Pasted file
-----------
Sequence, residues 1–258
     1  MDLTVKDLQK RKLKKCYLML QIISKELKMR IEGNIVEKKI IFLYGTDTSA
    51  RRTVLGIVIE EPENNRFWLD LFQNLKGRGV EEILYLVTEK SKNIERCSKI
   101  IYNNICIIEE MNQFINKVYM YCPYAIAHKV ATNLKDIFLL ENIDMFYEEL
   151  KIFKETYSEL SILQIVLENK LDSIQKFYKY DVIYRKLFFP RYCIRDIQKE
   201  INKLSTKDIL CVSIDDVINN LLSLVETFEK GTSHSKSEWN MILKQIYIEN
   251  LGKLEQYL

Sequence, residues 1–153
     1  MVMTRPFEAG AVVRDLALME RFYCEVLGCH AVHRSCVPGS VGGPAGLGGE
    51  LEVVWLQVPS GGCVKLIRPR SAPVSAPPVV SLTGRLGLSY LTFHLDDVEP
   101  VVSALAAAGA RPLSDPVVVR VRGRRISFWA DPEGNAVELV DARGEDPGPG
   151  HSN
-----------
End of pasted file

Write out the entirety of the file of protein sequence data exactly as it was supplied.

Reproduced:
Sequence, residues 1–258
     1  MDLTVKDLQK RKLKKCYLML QIISKELKMR IEGNIVEKKI IFLYGTDTSA
    51  RRTVLGIVIE EPENNRFWLD LFQNLKGRGV EEILYLVTEK SKNIERCSKI
   101  IYNNICIIEE MNQFINKVYM YCPYAIAHKV ATNLKDIFLL ENIDMFYEEL
   151  KIFKETYSEL SILQIVLENK LDSIQKFYKY DVIYRKLFFP RYCIRDIQKE
   201  INKLSTKDIL CVSIDDVINN LLSLVETFEK GTSHSKSEWN MILKQIYIEN
   251  LGKLEQYL

Sequence, residues 1–153
     1  MVMTRPFEAG AVVRDLALME RFYCEVLGCH AVHRSCVPGS VGGPAGLGGE
    51  LEVVWLQVPS GGCVKLIRPR SAPVSAPPVV SLTGRLGLSY LTFHLDDVEP
   101  VVSALAAAGA RPLSDPVVVR VRGRRISFWA DPEGNAVELV DARGEDPGPG
   151  HSN